I heard this on Sunday at a carol service. I was surprised that I hadn’t heard it before, given that it’s been recorded by Loreena McKenitt and the Voice Squad among others. Seems to be a traditional air or song; makes me wonder what might have happened to the original words, if there were any.
There’s a good arrangement of it here:
and the words are here:
This was sung by Nanci Griffith on "Chieftains Celebration". I’ve been having a dreadful time finding it online and I am happy that it’s found its way to the session. Too bad it starts with a low C, gonna have to mess with it or something to play on my flute.
For flute/ whistle
I always played this in A mix, I think. Anyway whatever, start it on a low E and follow to finish on an A - couple of sharps/flats on high part. Lovely air.
A flat or nat?
Is the A in measure 13 (and other reiterations of the phrase) supposed to be natural or flat? The key signature says flat, but as all other A flats are marked and as the indicated chord has an A natural, I’d be grateful for clarification.
It surely sounds like a mistake. I’ve heard a few versions and I’ve never heard it that way.
Yes, that should be an A natural. Prob. just a ‘typo’ by whoever wrote it down.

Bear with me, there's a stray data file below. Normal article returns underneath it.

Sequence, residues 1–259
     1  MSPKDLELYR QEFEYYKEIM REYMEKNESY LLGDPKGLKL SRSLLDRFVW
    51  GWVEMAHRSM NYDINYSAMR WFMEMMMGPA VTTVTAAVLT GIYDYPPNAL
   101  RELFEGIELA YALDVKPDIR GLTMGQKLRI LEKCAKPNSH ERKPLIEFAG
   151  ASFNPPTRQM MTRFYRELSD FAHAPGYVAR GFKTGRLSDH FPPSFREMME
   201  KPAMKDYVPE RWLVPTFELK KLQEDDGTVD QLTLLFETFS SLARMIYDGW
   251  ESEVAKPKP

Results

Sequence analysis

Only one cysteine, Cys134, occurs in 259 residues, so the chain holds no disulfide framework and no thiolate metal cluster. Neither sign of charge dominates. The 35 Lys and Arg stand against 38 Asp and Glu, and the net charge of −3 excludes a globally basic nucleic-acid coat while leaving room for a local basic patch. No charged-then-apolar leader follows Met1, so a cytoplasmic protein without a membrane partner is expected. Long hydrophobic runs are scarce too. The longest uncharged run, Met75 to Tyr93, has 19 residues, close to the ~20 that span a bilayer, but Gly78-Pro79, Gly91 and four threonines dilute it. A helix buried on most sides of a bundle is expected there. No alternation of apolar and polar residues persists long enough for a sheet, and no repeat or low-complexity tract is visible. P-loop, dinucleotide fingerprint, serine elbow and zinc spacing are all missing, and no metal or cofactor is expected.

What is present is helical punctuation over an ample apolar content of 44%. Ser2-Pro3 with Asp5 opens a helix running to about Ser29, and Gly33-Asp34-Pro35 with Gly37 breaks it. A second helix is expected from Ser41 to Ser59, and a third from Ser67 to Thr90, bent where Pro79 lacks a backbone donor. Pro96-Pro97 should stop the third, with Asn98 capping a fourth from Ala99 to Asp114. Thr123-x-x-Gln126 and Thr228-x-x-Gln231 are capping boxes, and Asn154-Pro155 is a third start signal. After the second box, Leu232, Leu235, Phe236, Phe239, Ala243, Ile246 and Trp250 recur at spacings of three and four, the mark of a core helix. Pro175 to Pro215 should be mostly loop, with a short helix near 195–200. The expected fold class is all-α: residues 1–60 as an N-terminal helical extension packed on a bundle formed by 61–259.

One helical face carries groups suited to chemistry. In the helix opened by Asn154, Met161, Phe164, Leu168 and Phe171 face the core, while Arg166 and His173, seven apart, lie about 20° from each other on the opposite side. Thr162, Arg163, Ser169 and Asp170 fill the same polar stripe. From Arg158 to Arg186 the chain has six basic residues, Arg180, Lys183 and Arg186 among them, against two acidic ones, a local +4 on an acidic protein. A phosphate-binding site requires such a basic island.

Anybody know the Gaelic lyrics?
Woodwind friendly key?
3 flats is a perfectly crappy key for diatonic woodwinds in D. Is there a transcription anywhere in a more accessible key?
Here it is.
You’re welcome. Mazel Tov!
Recording: Celtic Woman
Setting#2 is exactly the same version as setting#1, but I have made some alterations to the notation, which, I think, make the tune easier to read.
1. I have halved the note values, to make the phrases scan better within the 3/4 time signature (the whole first bar of setting #1 is treated as an anacrusis).
2. I have changed the key signature to F major (one flat) and shown the other flats as accidentals. This seemed more fitting, since the tune resolves onto F major and more of the tune is in the major than in the minor.
My placing of the bar lines is open to dispute: some might argue that they should be shifted forward by one crotchet.
Setting #3 is transposed into G for the benefit of D whistle players, pipers etc. and anyone not comfortable with playing in flat keys.
Setting #4 is transposed into A, for the benefit of those than don’t like playing F-naturals.
…As an afterthought, I changed the key signature of setting #3 to two sharps, lest a G# in the key signature be a deterrent to whistles and flutes.
Re: The Wexford Carol
On this Christmas Day!
5 Traditional Christmas Carols from Ireland ( Wexford Carol ) , Scotland, Wales, Isle of Man & England on Nyckelharpa, Fiddle, English Concertina & Mandolin!